|Members of the Virginia National Guard’s Joint Force Headquarters participate in CWID 2008. CWID has a traditional military operations component and a homeland security/homeland defense component. |
CWID officials aimed to make the ISAF training and all of the demonstration as relevant as possible to current warfighters and the challenges they face in the field. Capt. Stephens explains that when he became involved with CWID three years ago, it was modeled on more traditional warfare: bad guy invades, good guy defends. There was no involvement with nongovernmental organizations, refugees or natural impacts. “Now we have evolved the scenario to a more low- to mid-intensity conflict,” he says.
To better echo the battlefield of today requires increased focus on joint and coalition efforts. Col. Westley shares, “The biggest area where we’ve seen the most evolvement is the increased involvement of NATO and the United Kingdom, and trying to really change the shape of how we work together.”
More than 20 multinational participants were involved in CWID 2008. All the U.S. military services also participated, including various combatant and service-specific commands, non-active-duty units, and other U.S. defense and civilian agencies. Testing took place at worldwide sites, which were connected through the
Coalition Task Force/NATO Reaction Force Network, the Coalition Task Force Network and the Homeland Security Network. Participants took part in 41 trials, each falling under one of four CWID objectives: improve coalition and joint command, control, communications, computers, intelligence, surveillance, reconnaissance architecture; improve information sharing across the full range of military operations; enhance cross-domain and multiple security level information exchange tools; and enhance government agency interoperability. CWID also offered a fifth objective—enhance integrated logistics planning tools—but no trials were entered under this category.
The biggest site for CWID was the Naval Surface Warfare Center in Dahlgren, Virginia, where personnel held 31 of the trials. This site also saw an increase in the number of international representatives, hosting foreign liaison officers from nations such as New Zealand, Denmark and Turkey. According to Col. Howard Thomas, U.S. Marine Corps CWID lead, liaisons from seven countries attended solely to see the Joint Strike Fighter trial. That demonstration involved showing the data server, electronic warfare analysis, mission deconfliction and cross-security domain data exchange capabilities of the F-35 Lightning II aircraft and the ground-based mission planning system.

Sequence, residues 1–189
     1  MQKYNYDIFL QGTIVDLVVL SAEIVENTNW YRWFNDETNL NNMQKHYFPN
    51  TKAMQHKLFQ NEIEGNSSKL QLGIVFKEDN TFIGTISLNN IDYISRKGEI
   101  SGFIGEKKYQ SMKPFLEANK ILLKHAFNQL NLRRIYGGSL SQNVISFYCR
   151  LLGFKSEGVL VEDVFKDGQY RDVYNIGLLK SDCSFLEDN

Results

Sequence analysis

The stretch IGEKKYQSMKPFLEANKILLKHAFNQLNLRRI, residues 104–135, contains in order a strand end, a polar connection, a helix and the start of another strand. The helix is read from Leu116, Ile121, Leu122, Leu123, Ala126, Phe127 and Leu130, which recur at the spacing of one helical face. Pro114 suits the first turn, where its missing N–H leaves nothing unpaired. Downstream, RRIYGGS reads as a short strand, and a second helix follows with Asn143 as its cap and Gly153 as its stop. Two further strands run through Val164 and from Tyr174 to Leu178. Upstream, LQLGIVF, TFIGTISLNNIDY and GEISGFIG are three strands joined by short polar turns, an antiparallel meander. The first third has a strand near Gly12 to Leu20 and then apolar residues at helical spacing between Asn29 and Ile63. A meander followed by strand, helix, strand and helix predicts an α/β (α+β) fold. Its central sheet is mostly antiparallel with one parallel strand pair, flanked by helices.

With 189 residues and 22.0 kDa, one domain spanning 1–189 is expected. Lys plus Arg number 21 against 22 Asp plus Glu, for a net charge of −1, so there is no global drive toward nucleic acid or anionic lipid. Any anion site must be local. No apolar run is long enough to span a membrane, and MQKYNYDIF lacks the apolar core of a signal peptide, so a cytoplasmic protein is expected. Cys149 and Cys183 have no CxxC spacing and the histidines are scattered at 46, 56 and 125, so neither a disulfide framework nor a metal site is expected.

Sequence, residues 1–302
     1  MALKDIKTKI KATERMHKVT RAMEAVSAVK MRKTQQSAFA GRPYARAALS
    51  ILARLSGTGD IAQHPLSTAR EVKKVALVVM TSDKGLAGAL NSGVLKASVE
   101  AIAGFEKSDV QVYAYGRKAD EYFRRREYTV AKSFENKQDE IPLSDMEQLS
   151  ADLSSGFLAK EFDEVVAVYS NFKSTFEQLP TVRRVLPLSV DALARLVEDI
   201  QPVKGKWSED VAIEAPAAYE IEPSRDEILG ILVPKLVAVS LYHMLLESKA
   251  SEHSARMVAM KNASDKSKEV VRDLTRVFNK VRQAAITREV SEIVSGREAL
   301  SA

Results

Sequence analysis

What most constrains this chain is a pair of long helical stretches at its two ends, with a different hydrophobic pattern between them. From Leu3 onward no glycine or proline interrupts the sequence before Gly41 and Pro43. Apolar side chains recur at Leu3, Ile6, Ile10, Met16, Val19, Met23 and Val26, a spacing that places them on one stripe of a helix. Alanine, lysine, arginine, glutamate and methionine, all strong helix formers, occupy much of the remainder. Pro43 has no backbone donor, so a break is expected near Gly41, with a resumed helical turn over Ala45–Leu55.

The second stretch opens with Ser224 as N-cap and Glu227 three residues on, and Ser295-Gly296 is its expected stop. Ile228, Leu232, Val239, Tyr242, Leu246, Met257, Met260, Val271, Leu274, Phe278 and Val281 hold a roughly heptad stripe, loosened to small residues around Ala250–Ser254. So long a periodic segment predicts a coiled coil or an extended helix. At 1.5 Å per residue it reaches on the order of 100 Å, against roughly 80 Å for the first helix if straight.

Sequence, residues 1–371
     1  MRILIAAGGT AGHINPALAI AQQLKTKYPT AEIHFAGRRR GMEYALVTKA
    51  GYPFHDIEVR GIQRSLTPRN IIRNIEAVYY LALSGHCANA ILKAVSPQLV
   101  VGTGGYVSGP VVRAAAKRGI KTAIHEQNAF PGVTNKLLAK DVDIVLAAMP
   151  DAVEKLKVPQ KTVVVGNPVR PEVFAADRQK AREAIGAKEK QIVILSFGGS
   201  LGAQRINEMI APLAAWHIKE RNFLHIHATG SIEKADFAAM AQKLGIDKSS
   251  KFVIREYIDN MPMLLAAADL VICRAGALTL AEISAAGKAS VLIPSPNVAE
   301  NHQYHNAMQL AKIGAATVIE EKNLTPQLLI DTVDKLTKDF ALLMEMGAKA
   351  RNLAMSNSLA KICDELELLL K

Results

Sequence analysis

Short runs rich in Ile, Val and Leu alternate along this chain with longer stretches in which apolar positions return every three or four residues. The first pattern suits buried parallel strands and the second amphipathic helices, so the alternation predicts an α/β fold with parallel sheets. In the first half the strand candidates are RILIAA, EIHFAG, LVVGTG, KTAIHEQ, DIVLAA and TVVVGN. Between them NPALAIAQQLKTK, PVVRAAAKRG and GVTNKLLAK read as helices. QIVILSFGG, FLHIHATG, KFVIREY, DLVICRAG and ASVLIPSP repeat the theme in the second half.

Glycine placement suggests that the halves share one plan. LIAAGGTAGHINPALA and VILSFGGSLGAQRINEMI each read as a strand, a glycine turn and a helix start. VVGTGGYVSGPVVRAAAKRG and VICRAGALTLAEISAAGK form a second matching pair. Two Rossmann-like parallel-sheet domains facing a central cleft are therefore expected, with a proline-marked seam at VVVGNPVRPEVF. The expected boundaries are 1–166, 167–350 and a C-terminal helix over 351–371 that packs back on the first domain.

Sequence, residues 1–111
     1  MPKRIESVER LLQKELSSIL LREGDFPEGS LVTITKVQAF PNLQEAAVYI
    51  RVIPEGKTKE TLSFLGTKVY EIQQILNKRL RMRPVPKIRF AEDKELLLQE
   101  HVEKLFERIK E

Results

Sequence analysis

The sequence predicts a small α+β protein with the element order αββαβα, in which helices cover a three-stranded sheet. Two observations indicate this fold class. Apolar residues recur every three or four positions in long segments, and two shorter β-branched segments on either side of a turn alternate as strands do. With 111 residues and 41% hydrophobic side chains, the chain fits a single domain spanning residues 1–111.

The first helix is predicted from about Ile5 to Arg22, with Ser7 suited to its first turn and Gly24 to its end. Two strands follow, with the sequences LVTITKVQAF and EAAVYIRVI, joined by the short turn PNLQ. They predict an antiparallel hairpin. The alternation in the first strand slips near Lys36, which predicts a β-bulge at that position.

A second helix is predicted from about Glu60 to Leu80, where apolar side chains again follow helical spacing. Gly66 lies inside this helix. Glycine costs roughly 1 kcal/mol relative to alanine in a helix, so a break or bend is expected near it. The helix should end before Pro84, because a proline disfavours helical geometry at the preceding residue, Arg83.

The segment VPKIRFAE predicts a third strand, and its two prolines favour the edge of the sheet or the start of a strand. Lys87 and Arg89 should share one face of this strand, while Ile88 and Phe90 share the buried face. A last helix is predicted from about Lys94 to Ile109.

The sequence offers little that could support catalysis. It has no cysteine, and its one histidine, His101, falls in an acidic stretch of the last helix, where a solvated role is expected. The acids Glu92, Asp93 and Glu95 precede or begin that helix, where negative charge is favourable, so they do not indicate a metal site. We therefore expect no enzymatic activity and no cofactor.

Other trials of high interest were the IPv4-IPv6 Transformer, which “instantly converts IPv4-only legacy systems into dual-stack IPv4/IPv6 systems, to enable IPv6 messaging, while preserving IPv4 pass-through mode,” according to the trial summary, and the enhanced Mobile Internet Command Post (eMICP). This command post is a 53-foot trailer with office space, a conference room and a basic communications suite. The eMICP provides sheltered workspace, voice and data connectivity, and command and control capabilities on a mobile platform.
In addition to working with representatives from foreign governments, Dahlgren officials expanded their cooperation with U.S. agencies. Leadership reached out to the commonwealth of Virginia and set up an emergency operations center for CWID with the Virginia Department of Emergency Management (VDEM) in Richmond. “They’re new players,” explains Dennis Warne, Naval Surface Warfare Center Dahlgren site manager. “We’ll probably want to expand that role next year.”
VDEM and the Virginia National Guard participated only in the Homeland Security/Homeland Defense (HS/HD) trials, not the traditional military operations side, and primarily took part in the Federated Intelligence Network, VirtualAgility OPS Center and Transnational Information Sharing Coalition assessments. According to VDEM officials, each trial and demonstration they participated in successfully enhanced situational awareness and collaboration.